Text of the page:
We miss you JoAnn, so much.
On April 21st Aggies gather all over the Earth to pay tribute and remember those that have fallen over the past year.
Roll Call for the Absent
In many lands and climes this April day
Proud sons of Texas A&M unite.
Our loyalty to country, school,
we pray,and seal our pact with bond of common might.
We live again those happy days of yore
on campus, field, in classroom, dorm, at drill
Fond memory brings a sigh -- but nothing more;
Now we are men and life’s a greater thrill,
On Corregidor years ago today
A band of gallant Aggies,
led by Moore, Held simple rites which led to us doth all to say:
The spirit shall prevail through cannon roar.
Before we part and go upon our way,
We pause to honor those we knew so well;
The old familiar faces we miss so much today
Left cherished recollections that time cannot dispel.
Softly call the Muster,
Let comrade answer, “Here!”
Their spirits hover ‘round us
As if to bring us cheer!
Mark them ‘present’ in our hearts.
We’ll meet some other day
There is no death, but life etern
For our old friends such as they!
by Dr. John Ashton ‘06
Softly call the Muster, let comrade answer 'Here'..."
Aggies gathered together on June 26,1883 to live over again their college days, the victories and defeats won and lost upon the drill field and in the classroom. By April 21, 1903, this annual gathering evolved into a celebration of Texas' Independence on San Jacinto Day. These early meetings included field games and banquets for Aggies to reflect and celebrate their memories of Aggieland. 'Let every alumni answer a roll call' wrote the former students.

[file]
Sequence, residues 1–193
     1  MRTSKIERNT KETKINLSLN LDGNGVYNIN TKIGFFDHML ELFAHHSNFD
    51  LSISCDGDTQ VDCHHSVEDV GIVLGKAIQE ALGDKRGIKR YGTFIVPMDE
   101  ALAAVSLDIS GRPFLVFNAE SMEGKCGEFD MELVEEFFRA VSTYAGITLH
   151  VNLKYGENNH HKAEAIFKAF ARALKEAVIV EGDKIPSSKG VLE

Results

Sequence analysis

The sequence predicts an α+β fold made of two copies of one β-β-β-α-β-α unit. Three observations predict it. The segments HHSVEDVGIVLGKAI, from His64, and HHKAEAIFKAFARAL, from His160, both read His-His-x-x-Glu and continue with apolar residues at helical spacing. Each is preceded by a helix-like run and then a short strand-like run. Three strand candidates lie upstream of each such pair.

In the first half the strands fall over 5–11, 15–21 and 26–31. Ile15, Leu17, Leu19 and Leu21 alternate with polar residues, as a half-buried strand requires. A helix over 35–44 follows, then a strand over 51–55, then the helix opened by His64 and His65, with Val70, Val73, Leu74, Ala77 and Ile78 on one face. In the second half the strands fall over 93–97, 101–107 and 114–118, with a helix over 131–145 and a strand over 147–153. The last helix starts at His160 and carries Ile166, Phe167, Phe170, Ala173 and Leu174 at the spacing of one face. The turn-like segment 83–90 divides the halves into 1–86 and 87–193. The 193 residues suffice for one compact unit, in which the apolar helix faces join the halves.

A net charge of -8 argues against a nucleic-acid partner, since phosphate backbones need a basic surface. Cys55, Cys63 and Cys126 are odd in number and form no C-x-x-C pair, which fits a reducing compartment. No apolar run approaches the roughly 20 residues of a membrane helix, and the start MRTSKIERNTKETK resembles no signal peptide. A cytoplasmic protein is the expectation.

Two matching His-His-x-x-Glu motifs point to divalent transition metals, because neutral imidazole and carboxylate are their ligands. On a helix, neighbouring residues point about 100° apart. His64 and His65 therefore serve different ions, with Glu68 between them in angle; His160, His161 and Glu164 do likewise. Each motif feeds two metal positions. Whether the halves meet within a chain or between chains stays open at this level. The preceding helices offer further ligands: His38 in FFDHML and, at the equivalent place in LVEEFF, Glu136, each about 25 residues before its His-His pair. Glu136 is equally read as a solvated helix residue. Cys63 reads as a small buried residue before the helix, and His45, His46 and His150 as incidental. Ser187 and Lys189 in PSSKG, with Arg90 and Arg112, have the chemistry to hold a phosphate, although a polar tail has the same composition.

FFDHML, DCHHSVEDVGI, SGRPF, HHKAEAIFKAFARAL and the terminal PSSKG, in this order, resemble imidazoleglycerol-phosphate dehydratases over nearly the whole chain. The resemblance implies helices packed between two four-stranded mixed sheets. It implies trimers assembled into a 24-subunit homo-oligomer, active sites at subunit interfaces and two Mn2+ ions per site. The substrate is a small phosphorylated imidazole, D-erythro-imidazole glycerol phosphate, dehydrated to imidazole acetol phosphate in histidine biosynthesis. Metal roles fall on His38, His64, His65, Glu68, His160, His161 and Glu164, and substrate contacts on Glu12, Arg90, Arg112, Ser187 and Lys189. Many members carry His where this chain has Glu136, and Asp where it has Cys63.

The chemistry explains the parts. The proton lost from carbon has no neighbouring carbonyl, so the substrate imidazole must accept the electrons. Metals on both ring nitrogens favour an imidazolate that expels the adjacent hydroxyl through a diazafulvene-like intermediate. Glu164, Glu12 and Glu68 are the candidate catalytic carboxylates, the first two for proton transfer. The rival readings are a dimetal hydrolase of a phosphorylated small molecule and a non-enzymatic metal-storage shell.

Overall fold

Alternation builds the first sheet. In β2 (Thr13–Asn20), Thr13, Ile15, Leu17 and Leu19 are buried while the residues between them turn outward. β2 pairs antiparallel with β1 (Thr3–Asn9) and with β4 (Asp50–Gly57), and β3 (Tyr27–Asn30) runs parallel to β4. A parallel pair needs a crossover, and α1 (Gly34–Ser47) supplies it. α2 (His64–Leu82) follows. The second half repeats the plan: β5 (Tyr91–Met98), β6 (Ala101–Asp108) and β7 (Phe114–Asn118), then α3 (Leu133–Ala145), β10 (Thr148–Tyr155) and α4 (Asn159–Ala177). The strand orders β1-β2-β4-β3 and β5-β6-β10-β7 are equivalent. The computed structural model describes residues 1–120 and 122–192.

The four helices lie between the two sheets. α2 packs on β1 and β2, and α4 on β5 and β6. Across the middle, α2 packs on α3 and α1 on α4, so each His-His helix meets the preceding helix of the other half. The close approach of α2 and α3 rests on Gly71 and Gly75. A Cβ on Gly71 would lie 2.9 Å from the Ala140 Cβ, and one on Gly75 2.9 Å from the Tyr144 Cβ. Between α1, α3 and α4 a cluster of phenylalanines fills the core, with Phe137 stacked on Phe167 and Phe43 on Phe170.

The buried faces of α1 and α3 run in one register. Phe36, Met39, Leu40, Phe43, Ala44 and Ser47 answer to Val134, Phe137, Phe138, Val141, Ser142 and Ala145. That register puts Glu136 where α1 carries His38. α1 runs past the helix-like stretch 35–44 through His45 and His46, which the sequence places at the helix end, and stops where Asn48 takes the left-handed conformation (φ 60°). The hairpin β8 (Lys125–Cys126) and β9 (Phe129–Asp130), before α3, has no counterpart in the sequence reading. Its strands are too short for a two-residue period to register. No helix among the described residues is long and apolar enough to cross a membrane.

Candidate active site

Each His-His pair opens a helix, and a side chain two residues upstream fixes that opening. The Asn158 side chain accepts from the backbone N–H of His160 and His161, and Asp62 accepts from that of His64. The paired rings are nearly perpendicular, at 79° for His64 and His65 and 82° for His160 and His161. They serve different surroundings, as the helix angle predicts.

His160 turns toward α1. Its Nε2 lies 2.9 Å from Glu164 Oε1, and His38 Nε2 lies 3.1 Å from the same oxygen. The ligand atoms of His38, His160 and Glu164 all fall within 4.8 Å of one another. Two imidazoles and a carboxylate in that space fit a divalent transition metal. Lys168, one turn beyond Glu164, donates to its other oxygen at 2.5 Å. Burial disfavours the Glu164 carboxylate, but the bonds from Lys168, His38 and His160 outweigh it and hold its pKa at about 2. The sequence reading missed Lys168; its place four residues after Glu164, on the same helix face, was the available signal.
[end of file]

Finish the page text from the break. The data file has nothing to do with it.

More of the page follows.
It was not until 1922, however, that April 21 became the official day of events for all Aggies, thus, the annual tradition of Muster was born. The March 1923 Texas Aggie urged, 'If there is an A&M man in one-hundred miles of you, you are expected to get together, eat a little, and live over the days you spent at the A&M College of Texas.
Still remembering and honoring the time spent in Aggieland, the tradition of mustering has grown in strength, meaning, and spirit. By 1929, meeting had grown worldwide, and in 1942 Aggie Muster gained international recognition. Twenty-five men, led by General George Moore '08, mustered during the Japanese Siege of the Philippine island of Corregidor. Knowing that Muster might soon be called for them, these Aggies embodied the essence of commitment, dedication, and friendship- the Aggie Spirit. They risked their lives to honor their beliefs and values. That small group of Aggies on an outpost during World War II inspired what has developed into one of our greatest traditions.
Muster is celebrated in more than four-hundred places world wide, with the largest ceremony on the Texas A&M campus in College Station. The ceremony brings together more Aggies, worldwide, on one occasion than any other event.